[Lisa’s Take] Before They Are Hanged: First Law Book 2 (Joe Abercrombie)

My review of The Blade Itself, the first book in this trilogy, was one of the more vicious reviews I’ve written. I really picked the book apart, and probably dog-eared 20 pages with things that irked me so I’d have solid ammunition.

I felt a little bad, ripping something apart like that, especially after a few people whose opinions I usually trust in books said I was being too harsh. So as penance I picked up the second book, Before They Are Hanged, as soon as it hit the shelves. Last week I was out of work with a fairly nasty cold, so I holed up on the couch and ready it pretty much straight through in 2 days. I thought it would be fun to go back through my first review and see how Mr. Abercrombie has progressed in his second stab at the fantasy genre.

Gripe #1 – Mishmashy, undefined plot
After TBI, I complained that the plot was not well defined, that it didn’t go anywhere, that it was predictable, and that it was all set up with no money shot. This problem was absolutely remedied in BTAH. There are three major plot lines, and each one has a good introduction, build up and climax. I think it helped this time around that the distinct groups were well separated from each other, so the author didn’t have worry about them overlapping and muddling each other up. In book 2 you’ve got 3 groups: the unwitting heroes searching for a mystical artifact, the men manning the front of the war in the north, and the Inquisition investigating drama in the south. Each plot line was equally well developed, had good screen time, and (most importantly) was engaging, interesting, and less predictable. I had some vague guesses as to what would happen when and where, but it was much more rare that I’d think “and now X is going to happen!” then turn the page and be proven correct.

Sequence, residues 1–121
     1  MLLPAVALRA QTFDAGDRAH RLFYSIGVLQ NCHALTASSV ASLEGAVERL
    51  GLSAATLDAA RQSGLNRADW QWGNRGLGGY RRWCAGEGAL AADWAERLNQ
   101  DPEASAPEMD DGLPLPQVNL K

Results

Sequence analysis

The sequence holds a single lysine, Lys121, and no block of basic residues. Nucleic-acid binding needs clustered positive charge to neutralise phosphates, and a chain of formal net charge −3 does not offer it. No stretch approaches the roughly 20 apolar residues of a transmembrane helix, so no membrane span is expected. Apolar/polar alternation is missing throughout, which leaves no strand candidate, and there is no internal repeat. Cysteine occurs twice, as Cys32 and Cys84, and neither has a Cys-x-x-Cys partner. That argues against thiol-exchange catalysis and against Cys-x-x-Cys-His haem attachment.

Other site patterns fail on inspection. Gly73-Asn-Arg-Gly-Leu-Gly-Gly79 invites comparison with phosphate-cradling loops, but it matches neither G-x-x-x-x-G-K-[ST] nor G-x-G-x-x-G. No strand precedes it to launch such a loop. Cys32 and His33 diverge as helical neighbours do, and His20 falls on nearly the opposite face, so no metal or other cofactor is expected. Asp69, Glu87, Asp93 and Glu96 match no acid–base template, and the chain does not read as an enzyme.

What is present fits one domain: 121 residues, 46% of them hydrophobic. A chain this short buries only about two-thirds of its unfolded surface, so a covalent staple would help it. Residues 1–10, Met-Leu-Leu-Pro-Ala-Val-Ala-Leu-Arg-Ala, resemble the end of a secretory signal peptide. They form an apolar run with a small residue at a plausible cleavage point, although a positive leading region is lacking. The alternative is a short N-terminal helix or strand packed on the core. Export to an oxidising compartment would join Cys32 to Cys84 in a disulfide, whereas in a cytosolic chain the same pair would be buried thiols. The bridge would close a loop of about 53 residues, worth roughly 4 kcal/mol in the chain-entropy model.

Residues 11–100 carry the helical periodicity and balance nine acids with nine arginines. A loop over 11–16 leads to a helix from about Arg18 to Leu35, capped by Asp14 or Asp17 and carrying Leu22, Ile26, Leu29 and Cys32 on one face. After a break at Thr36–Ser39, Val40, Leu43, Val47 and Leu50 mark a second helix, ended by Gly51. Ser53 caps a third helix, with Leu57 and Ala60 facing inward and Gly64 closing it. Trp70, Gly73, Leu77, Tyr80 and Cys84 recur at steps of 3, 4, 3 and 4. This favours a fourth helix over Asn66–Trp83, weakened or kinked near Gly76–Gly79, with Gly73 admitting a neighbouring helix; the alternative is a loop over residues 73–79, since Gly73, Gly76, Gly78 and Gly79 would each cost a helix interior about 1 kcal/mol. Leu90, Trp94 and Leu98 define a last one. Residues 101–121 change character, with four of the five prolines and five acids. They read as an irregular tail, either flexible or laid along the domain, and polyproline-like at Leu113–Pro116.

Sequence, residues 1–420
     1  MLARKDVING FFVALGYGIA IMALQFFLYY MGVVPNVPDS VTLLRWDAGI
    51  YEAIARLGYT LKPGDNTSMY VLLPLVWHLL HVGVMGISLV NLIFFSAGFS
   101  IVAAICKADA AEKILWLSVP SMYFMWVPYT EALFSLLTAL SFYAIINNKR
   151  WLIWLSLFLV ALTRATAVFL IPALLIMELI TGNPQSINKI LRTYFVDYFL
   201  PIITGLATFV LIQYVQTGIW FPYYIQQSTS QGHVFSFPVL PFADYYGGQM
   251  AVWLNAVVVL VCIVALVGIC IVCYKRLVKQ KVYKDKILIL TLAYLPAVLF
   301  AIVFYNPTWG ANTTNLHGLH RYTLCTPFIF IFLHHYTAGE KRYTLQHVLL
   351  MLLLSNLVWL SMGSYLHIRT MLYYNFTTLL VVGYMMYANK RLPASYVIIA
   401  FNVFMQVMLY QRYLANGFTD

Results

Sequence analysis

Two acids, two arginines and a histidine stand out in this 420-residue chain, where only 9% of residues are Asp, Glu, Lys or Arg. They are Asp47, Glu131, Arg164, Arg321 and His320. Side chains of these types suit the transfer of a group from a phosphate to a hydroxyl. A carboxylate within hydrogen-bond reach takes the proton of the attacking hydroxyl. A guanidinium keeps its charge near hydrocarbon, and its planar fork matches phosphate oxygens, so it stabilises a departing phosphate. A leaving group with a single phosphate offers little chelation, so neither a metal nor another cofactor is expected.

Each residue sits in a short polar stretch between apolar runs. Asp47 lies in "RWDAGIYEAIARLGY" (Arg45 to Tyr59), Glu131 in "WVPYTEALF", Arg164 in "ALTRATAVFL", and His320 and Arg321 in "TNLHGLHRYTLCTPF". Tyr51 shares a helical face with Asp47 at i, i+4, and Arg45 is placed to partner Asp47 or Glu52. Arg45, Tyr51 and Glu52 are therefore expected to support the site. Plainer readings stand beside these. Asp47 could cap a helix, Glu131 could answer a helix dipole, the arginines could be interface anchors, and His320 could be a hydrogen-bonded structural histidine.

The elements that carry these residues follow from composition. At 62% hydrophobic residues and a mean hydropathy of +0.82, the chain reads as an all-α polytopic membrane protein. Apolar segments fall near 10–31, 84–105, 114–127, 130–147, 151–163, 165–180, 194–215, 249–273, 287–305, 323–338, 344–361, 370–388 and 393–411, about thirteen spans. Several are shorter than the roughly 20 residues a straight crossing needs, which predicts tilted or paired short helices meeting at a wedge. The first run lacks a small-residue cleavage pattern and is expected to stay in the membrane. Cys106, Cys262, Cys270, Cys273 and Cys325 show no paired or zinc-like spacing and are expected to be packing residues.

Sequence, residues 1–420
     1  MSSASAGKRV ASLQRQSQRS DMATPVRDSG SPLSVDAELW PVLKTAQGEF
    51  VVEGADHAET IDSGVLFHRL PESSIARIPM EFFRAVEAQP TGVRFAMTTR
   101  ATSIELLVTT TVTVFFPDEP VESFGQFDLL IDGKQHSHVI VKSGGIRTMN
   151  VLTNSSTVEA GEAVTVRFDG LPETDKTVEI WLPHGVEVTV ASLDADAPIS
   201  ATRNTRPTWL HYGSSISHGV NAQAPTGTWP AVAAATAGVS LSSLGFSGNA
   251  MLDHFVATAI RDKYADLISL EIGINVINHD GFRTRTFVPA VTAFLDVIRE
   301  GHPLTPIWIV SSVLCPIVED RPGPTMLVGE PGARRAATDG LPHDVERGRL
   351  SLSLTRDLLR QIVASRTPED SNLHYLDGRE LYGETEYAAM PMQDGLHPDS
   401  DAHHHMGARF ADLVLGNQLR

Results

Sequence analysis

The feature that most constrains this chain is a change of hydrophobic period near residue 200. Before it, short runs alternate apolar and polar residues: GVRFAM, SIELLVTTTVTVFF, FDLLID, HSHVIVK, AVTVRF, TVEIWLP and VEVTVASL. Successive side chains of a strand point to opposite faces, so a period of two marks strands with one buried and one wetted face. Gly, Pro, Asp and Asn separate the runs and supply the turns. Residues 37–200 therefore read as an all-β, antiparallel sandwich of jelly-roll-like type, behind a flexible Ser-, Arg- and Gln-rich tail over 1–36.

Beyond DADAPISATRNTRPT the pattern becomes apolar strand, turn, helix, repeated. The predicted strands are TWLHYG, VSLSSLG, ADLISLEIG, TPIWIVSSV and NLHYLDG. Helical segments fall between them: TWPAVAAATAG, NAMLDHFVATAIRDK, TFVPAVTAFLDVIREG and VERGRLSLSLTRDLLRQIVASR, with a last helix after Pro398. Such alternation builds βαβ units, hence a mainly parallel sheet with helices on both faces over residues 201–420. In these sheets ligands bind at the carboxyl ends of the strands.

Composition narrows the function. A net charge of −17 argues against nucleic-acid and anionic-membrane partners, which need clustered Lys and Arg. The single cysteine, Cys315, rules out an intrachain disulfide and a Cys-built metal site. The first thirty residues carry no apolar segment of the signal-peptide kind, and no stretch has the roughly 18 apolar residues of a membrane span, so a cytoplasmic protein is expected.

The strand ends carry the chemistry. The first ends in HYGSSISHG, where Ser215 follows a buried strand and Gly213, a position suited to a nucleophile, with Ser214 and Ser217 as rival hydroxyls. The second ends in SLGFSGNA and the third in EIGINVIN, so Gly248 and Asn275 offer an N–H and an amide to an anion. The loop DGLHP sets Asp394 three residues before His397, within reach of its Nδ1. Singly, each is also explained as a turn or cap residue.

Gripe #2 – Crossing the proverbial streams
In TBI the author had a lot of trouble keeping his POV characters separated and straight. This was much less of an issue in BTAH. There were still 3 or 4 times in the book that I got a little turned around, but whether because I had a better handle on the characters or because I was expecting it, I never had to re-read to figure out what was going on. I don’t know if Joe got himself a better editor, or if he’s done with some of the New Writer Blunders – but let’s hope it’s both. He also did a much better time distributing his POV time in book 2... there were no “primary” and “secondary” POV characters – they all got even screen time and actually made contributions to the plot.

I did experience one slightly jarring moment during the book’s end game: throughout the story the author had established a fairly smooth cycle of rotation through his characters and groups of characters – he rarely dwelled on one group for many chapters in a row. Then, during the climax of the book, he got stuck on the group of treasure hunters and stuck 3 or 4 chapters of theirs all together. I understand that it was a necessity, and that he just had extra chapters for them, but... it just broke up the flow of the book again, after such a nice cycling had been established. Tiny gripe.

Gripe #3 – Character Clichés
Boy, I was pretty vicious about the character clichés when I reviewed book 1. Man. I feel a little bad... but then I was pretty displeased after the first book. In book 2 Mr. Abercrombie makes significant improvements in his characters. They are all more solid and (largely) less prone to crazy out-of-character episodes. Bayaz still has some moments that don’t quite seem to follow, but he’s the only one I can complain about. Book 2 also spends a lot of time deepening and expanding upon the characters, so they’re less stereotyped, I think. Contributing to this is the point I mentioned above about the author giving more even face time to everyone, so we get more than just an initial impression.